A typical 10,000-square-foot Kentucky bluegrass lawn requires 3,800 gallons of water a week and costs an average $354 per growing season for electricity to pump that water.

Those are statistics several members of the Greater Yellowstone Coordinating Committee want people to consider when deciding how to landscape their properties.

Amid a variety of flowering plants and drought-resistant grasses at Montana State University’s experimental gardens Wednesday, members of the sustainable operations subcommittee of the GYCC spoke about a new, free guide to landscaping with less water.

Coined by the Denver Water Department, xeriscaping is the practice of creating functional and beautiful landscaping that requires less water, the guide states.

For example, that 10,000-square-foot lawn planted with drought-resistant grasses and native plants uses about 2,318 gallons of water weekly and costs more than $100 less in electrical pumping power. In other words, xeriscaping provides, on average, a 39 percent reduction in water usage over traditional landscaping, a 2001 study cited in the guide states.

Two years in the making, the guide was a coordinated effort between the GYCC’s federal land managers, MSU horticulture professor Tracy Dougher and Dougher’s students.

The 30-page guide provides tips on planning, soil preparation, plant selection, mulching, irrigation and maintenance — all in the context of xeriscaping.

The Greater Yellowstone ecosystem stretches from north of Big Timber east to Cody and Lander, Wyo., south of Jackson and west into Idaho.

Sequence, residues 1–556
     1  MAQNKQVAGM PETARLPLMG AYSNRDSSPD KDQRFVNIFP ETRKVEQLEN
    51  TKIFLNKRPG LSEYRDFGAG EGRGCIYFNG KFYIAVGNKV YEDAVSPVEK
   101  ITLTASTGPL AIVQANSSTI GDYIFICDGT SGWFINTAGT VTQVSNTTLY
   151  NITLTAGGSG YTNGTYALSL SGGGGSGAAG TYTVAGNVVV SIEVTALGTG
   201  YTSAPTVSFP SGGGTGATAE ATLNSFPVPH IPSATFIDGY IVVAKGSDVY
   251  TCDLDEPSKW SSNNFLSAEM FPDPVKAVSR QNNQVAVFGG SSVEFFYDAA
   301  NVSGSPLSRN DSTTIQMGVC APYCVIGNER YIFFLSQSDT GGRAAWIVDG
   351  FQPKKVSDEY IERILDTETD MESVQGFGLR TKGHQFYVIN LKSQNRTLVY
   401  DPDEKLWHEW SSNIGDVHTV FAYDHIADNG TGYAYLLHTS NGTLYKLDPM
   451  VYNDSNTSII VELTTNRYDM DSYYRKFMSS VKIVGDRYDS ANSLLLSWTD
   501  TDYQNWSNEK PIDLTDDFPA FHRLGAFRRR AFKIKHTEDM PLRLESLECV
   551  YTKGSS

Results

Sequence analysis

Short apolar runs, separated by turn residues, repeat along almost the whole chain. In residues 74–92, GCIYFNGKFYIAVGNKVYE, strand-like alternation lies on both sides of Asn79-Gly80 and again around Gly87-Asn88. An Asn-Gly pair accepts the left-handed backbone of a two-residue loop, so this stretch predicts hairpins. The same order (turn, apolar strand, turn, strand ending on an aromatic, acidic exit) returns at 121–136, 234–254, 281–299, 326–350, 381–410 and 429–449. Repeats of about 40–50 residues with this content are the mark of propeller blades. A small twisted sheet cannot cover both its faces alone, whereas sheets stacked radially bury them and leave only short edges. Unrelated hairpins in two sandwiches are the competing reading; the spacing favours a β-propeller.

And people have many misconceptions about water in the region, said Jane Ruchman, a landscape architect for the Gallatin National Forest.

“There’s a feeling that there’s more water on the southern end of the ecosystem,” she said. A Jackson Hole landscaper told her, “We don’t have to worry about water; we have plenty of it.”

But the Rocky Mountain West is one of the fastest growing areas of the nation.

“And it can’t grow without water,” Ruchman said. “Water is an important issue; it’s for fighting over in the West.”

In urban areas, about 50 percent of municipal water is used for watering landscaping, “which blows me away,” she added.

Kaye Suzuki, a range management specialist with the Beaverhead-Deerlodge National Forest, called the guide “a teaser.”

Limited by funding, there was so much more information they could have included. But Suzuki said she hopes the document will show people that it’s “possible, probable and enjoyable” to use different and more sustainable landscape designs.

“It’s a tool to start the process,” she said.

The guide is available online to download at: http://bdcne.ws/xeriscape-guide. For more information, on the guide or MSU’s xeriscaping experiments, call Dougher at 994-6772.

Jodi Hausen can be reached at jhausen@dailychronicle.com or 582-2630. Follow her on Twitter @JodiHausen or on Facebook at Jodi Hausen, journalist.